As hackers and bad actors find new ways to threaten network security, service providers face the constant challenge of developing new security tools that can both anticipate future threats and quickly mitigate existing ones.
Telco Transformation recently spoke with Jason Porter, Security Solutions vice president for AT&T Inc. (NYSE: T), about the changing face of security threats and two tools AT&T is using to protect its customers' sensitive data and networks -- AT&T Cloud Web Security and AT&T Threat Manager Log Analysis.
In part one of a two-part Q&A, Porter explains how AT&T Threat Manager Log Analysis utilizes big data analytics to identify and mitigate new security threats. Stay tuned for part two of this Q&A where Porter addresses AT&T Cloud Web Security, including a use case study on how AT&T Cloud Web Security and Threat Manager Log Analysis were used to protect sensitive data for the non-profit Community Based Care (CBC) of Central Florida.
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Telco Transformation: What is the AT&T Threat Manager Log Analysis and what does this program do?
Jason Porter: Basically, what we did internally was realize that we needed to change the game of cybersecurity; we could no longer continue to throw analysts and people at cybersecurity -- we needed to move at machine-speed instead of human-speed in order to keep up with the volume of attacks and the changing behavior of attacks and attack types.
What we did was build a threat platform, so it's a dupe-based big data architecture. Over the last several years, we've been moving all our data to that big data platform. Let me describe that -- if we put a control, like a firewall or cloud-web security, or even our network services like VPNs, agents on cellphones and laptops, any of those control mechanisms -- their logs and their data comes back to this threat platform for analysis where our data scientists write math or algorithms to try and define and pick through all the data and discover anomalies so that we can then react to those threats.
If I try to simplify that, basically what we're looking for in that threat platform is changes in behavior. Let's say we see a bunch of login attempts that are failing and we see that on the firewall logs, but then we see that might be abnormal, but is that enough to really drive your attention and say, "We've got something really bad here!"? Maybe not, so then you add to it a change in net flow data, like a new IP address that is sending all of these failed log attempts, and it's an IP address that you've never seen before and then you get abnormal DNS behavior as well. All of that we can then correlate and then get to a high-confidence threat that we need to take action on.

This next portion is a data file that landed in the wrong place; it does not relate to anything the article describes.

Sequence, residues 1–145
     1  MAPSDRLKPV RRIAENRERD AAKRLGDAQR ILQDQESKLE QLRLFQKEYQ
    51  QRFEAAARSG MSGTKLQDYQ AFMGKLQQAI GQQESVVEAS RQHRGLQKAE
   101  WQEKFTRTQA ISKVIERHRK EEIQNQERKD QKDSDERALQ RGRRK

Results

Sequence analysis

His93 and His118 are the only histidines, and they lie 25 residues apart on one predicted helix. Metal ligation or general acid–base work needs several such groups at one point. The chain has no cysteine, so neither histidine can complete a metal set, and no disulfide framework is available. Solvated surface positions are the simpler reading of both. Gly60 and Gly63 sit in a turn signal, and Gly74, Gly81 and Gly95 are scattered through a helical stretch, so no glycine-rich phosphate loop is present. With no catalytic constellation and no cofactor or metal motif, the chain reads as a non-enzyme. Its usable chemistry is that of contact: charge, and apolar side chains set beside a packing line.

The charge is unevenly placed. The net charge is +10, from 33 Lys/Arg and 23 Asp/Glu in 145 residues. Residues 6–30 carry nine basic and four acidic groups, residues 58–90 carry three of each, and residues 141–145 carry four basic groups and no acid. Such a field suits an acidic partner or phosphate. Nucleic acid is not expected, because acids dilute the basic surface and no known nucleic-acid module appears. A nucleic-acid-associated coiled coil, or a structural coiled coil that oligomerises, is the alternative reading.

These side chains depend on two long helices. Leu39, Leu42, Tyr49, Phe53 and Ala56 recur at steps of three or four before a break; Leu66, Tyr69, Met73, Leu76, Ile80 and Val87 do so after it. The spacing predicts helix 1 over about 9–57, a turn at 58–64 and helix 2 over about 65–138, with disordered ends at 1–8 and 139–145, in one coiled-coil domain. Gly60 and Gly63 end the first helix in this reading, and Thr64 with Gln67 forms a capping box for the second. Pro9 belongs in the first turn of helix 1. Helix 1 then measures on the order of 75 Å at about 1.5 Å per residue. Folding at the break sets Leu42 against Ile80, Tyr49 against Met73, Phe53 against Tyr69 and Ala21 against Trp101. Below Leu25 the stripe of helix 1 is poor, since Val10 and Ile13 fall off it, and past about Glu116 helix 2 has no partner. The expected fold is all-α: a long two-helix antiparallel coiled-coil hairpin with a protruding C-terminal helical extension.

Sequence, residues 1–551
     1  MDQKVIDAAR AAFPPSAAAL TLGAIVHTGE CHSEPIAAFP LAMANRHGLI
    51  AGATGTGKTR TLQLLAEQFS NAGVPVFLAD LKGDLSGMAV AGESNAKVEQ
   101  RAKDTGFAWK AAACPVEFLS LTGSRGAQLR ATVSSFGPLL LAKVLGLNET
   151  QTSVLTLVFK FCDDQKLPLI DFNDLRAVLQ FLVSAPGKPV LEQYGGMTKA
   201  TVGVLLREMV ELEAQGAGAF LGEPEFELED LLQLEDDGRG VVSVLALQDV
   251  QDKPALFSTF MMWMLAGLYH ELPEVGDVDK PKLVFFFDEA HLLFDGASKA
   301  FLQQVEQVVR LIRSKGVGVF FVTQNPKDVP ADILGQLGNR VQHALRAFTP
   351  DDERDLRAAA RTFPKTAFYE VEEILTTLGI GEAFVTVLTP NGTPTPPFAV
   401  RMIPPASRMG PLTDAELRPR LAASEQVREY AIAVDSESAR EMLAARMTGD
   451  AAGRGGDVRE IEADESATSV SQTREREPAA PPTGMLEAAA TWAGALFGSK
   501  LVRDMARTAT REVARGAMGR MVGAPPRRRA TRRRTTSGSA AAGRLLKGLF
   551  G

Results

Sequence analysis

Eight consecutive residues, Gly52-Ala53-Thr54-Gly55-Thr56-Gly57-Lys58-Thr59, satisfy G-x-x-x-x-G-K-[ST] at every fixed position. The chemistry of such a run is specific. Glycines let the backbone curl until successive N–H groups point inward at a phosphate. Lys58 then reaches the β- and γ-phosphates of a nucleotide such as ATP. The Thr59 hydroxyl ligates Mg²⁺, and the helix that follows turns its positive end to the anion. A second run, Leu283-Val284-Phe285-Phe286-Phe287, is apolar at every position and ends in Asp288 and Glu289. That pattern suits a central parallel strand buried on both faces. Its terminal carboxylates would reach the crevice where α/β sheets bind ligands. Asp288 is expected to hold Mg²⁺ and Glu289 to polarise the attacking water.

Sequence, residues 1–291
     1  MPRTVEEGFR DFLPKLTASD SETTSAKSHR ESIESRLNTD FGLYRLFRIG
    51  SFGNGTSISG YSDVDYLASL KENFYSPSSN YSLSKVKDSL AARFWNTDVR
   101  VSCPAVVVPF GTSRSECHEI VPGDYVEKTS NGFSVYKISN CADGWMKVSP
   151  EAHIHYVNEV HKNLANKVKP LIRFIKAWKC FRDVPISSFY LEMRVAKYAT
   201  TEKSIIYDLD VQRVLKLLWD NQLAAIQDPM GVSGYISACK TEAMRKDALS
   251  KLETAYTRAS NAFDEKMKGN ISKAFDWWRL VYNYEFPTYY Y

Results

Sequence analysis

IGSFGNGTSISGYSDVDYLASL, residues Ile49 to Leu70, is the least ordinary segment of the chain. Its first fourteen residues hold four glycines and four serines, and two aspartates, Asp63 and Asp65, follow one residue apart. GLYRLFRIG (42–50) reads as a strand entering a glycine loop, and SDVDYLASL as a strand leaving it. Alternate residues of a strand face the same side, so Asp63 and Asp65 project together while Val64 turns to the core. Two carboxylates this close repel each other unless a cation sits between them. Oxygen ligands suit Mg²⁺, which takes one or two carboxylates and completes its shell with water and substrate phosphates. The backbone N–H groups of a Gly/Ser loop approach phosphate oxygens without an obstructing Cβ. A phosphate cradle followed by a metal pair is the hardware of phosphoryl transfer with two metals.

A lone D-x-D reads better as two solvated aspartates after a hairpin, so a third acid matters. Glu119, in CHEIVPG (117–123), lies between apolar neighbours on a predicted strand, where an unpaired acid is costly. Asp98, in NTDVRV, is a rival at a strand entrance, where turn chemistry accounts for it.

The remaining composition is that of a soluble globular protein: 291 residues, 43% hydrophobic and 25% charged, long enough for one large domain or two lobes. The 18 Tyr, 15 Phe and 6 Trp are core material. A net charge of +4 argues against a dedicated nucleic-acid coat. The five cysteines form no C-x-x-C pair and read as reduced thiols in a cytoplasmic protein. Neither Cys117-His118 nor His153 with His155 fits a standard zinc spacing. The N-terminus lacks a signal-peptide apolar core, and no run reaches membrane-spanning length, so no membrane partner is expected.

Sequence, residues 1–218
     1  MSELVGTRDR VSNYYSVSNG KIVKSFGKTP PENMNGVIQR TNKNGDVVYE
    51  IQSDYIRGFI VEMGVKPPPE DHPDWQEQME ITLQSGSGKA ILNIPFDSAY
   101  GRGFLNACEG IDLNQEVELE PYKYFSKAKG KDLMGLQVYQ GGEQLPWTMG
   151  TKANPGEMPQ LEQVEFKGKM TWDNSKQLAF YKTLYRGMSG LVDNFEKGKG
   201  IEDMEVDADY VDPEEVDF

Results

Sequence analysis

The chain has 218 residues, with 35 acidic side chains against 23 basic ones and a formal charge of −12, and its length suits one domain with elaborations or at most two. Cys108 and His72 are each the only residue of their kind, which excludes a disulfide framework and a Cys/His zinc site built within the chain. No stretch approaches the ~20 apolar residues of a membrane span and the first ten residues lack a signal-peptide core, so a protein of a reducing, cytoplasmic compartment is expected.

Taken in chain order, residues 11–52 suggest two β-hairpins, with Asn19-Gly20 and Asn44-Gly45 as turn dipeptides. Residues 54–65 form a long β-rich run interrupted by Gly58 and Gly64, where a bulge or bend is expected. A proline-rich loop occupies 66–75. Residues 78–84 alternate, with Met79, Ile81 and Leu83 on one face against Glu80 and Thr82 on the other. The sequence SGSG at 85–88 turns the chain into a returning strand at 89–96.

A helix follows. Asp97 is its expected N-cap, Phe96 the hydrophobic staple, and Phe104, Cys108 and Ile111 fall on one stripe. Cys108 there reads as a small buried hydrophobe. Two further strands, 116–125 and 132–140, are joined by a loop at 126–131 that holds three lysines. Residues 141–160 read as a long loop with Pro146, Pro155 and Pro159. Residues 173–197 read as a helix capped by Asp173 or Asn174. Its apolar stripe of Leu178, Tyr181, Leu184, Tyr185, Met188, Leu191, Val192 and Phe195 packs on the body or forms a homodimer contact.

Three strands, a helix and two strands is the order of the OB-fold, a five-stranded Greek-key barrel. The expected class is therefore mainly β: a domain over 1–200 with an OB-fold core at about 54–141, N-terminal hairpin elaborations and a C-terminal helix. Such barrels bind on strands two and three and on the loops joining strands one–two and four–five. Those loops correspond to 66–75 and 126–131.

So that is Threat Manager -- Threat Manager is that core, big data architecture and a portal that allows our customers to see everything that that big data architecture is doing to identify and respond to those threats for them.
We're in an exciting place right now because the Threat Manager has been able to identify a number of threats that have never been seen before, even beating some of the largest, most dependable or most market-leveraged threat data, so like anomalies and threat streams. We found new zero-day attacks 19 days before they publish them -- those kinds of things. So it's really working well and we're very excited about the opportunity of combining local area network with wide area network and a bunch of different log types to find new threats rapidly.
TT: How is big data analytics leveraged in Threat Manager?
JP: It's a lot of what Threat Manager is -- big data analytics. You put all of this data into a big data environment and my viewpoint and our philosophy at AT&T is look at it with as many different lenses as possible.
We want to leverage our data scientists as well as best-in-breed algorithms across the marketplace; that's why we built it on an open stack model so we could pull in other people's math, other data scientists in the industry that are also looking for unique things -- like maybe it's a specific behavioral algorithm or it's tied to a specific attack type like a specific APT [advanced persistent threat] that they're looking for. So you're able to really use this big data to identify trends that didn't exist before because when these were all unique points of data -- like if you were just looking at the firewall -- you wouldn't have put together that this threat originated from a credential theft on a device. So we want to look at it end-to-end and create linkages that make us believe that this is for sure a threat that we need to respond to.
— Kelsey Kusterer Ziser, Senior Editor, Light Reading